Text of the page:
Policy & Economic Research

The Office of the Budget Director conducts policy and economic research for the D.C. Council. It produces issue briefs on matters of ongoing concern and releases in-depth reports on substantial policy and legislative matters.

 

This policy brief examines nine strategies that the D.C. Council could take to reduce the financial strain that the CRIAC has placed on ratepayers while ensuring that the federally-mandated combined sewer overflow (CSO) mitigation project is adequately funded.

  1. Protect financially vulnerable utility customers by extending the CRIAC Residential & Nonprofit Relief Programs

  2. Alter the CRIAC rate structure to include a water and sewer volumetric component

  3. Increase progressivity by subjecting public rights-of-way to the CRIAC

  4. Promote green solutions by raising the value of CRIAC Incentive Program

  5. Lower customers’ costs by reducing or eliminating D.C. government’s pass-through fees from D.C. Water’s monthly bills

  6. Ensure that the Blue Plains Intermunicipal Agreement requires all jurisdictions pay their fair share

  7. Lobby Congress for regular and significant support from the federal government to solve a problem that it helped create

  8. Improve accountability by re-examining D.C. Water’s governance structure

  9. Reduce ratepayer costs by re-negotiating the Consent Decree

 

Economic and Policy Impact Statements

District of Columbia Council Rule 308 provides that the Council Budget Director may, at his or her discretion, prepare an economic impact analysis on permanent bills beginning January 1, 2016. The Office of the Budget Director is implementing this rule by preparing analyses on permanent pieces of legislation that are expected to have a fiscal impact of at least 0.1 percent of the District’s gross domestic product (GDP), or $123 million, and as staffing resources permit. The purpose of these statements is to offer Councilmembers an independent, data- and evidence-based resource for weighing the policy implications and economic costs and benefits of major pieces of legislation. These statements do not make policy recommendations, and their findings and conclusions are non-binding.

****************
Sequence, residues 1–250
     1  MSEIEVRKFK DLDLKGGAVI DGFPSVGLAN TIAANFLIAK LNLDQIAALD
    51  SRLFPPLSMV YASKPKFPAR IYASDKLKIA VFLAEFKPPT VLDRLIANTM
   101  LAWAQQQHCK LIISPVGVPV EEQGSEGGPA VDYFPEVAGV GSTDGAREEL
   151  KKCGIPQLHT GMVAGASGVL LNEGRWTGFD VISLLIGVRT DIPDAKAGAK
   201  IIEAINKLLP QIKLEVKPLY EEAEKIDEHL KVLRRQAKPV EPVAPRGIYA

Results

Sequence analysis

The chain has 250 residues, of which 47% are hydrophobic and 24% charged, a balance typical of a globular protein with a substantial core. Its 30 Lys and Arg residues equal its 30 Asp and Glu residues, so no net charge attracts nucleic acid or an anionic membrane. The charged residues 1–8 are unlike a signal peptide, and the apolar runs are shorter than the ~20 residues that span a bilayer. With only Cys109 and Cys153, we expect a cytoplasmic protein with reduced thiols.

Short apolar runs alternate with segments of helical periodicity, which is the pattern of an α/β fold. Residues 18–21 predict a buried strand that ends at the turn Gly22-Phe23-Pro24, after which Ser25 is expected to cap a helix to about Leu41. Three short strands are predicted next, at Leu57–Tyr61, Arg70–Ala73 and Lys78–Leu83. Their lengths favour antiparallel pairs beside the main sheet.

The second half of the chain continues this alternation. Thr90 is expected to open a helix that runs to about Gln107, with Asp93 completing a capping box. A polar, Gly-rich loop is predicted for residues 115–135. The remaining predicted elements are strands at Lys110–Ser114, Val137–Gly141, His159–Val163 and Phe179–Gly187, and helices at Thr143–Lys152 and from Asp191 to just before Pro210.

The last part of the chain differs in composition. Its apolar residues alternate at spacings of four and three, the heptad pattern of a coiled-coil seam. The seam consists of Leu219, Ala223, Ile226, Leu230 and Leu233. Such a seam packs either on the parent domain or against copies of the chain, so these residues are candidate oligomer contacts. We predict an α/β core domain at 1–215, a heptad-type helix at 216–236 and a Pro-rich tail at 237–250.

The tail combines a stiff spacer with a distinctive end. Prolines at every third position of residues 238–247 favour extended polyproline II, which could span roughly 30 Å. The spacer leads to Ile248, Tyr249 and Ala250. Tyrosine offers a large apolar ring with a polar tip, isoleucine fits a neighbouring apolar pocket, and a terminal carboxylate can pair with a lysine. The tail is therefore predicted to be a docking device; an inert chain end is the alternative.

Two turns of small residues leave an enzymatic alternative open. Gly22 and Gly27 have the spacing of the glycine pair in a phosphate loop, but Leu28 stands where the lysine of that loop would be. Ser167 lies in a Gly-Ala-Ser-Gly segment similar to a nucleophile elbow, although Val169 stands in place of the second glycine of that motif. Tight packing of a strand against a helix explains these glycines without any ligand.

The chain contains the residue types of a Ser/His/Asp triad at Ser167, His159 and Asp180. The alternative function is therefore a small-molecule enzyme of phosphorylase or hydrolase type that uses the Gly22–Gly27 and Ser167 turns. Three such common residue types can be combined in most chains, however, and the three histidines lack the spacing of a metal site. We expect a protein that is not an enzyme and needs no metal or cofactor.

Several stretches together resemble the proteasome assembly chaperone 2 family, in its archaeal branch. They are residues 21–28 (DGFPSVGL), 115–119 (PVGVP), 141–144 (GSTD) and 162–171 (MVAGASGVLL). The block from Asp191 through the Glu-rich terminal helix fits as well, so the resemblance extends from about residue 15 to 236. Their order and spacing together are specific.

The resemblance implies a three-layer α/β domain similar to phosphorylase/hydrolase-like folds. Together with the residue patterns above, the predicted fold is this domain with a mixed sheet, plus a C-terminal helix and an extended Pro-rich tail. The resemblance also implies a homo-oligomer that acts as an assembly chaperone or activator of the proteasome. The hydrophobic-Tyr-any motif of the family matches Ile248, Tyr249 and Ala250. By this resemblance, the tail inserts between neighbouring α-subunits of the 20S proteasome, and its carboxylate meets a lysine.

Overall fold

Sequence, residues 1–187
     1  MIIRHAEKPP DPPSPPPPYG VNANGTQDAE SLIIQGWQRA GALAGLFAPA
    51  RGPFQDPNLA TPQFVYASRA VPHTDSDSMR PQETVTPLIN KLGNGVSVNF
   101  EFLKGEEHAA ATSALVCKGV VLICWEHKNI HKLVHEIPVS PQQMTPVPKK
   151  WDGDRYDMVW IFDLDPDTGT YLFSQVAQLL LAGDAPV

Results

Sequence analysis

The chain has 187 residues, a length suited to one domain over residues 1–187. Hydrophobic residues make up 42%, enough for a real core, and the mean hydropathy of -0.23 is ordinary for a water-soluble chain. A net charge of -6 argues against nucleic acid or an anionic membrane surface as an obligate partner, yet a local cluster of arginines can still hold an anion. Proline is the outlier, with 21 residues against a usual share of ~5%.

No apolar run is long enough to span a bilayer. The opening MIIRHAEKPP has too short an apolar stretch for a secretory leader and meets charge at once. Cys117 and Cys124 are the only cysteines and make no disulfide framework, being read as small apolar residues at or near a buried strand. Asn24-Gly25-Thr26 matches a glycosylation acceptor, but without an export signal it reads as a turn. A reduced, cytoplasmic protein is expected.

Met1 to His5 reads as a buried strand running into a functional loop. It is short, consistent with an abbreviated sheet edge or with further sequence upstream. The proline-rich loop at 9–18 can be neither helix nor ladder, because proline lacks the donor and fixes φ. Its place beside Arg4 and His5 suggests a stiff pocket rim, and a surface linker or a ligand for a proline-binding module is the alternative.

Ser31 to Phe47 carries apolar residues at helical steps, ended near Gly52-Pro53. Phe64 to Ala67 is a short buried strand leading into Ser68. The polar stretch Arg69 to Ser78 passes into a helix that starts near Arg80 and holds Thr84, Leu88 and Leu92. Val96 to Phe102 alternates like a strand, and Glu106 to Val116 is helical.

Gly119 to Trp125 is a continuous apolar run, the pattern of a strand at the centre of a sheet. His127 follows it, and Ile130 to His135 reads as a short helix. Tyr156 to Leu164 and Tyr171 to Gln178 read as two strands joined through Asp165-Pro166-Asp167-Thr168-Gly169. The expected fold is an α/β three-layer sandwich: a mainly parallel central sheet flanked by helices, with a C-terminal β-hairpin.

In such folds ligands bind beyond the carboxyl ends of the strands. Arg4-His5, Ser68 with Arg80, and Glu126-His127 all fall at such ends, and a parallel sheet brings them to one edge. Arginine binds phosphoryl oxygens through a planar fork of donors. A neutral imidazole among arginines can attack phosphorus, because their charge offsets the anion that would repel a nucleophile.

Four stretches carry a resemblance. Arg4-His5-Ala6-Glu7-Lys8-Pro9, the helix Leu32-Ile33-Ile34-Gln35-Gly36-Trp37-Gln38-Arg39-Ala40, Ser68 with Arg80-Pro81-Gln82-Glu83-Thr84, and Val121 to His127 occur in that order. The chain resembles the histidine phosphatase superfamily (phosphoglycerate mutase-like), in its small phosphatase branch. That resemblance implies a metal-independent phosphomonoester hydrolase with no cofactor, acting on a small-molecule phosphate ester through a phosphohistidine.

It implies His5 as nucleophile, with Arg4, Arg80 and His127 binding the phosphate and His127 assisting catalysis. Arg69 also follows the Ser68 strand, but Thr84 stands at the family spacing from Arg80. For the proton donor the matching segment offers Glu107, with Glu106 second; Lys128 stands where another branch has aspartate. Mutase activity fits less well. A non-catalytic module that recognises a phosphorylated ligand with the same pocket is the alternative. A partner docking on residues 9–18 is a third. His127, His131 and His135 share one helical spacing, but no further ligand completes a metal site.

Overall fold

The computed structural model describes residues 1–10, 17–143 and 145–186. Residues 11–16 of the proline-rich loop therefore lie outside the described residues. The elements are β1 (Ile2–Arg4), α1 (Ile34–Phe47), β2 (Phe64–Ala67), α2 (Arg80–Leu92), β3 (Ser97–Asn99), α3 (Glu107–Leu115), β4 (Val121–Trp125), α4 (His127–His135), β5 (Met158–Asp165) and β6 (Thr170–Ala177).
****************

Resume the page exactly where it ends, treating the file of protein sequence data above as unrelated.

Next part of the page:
The economic and policy impact statement is not a substitute for the Chief Financial Officer’s (CFO) fiscal impact statements, which apply to every piece of legislation and address the impact of legislation on the District’s budget and four-year financial plan.

 The Office of the Budget Director has issued the following economic and policy impact statements:

 
Family Leave Benefits, Wage Replacement Rate

Family Leave Benefits, Wage Replacement Rate

Universal Paid Leave

The Office of the Budget Director issued its first economic and policy impact statement on the “Universal Paid Leave Amendment Act of 2016” on December 1, 2016. It offers the Council of the District of Columbia an evidence-based resource for weighing a piece of legislation’s policy implications and economic costs and benefits. It is divided into four sections:

  1. A review of paid leave programs’ impacts on labor markets, the business climate, and health, based on empirical evidence from more than 170 peer-reviewed studies.

  2. A detailed benchmarking analysis of paid leave programs in other states.

  3. An assessment of District-based employees’ current access to paid and unpaid leave.

  4. An economic analysis of the legislation’s projected impact on the DC economy using REMI, a widely used economic forecasting model.

 
Susana Groves (second from left), Future Tense Panel, 2018

Susana Groves (second from left), Future Tense Panel, 2018

Approaches and Strategies for Providing a Minimum Income in the District of Columbia

This report offers the Council an evidence-based resource for weighing this proposal’s policy implications and economic costs and benefits.  The study is divided into three sections:

  1. An analysis of D.C.’s cost of living versus the social safety net benefits available to low-income households.

  2. A discussion of three methods for providing a minimum income: a negative income tax, a guaranteed minimum income, or a universal basic income.

  3. An economic analysis of a minimum income program’s impact on the D.C. economy using REMI, a widely used economic forecasting model.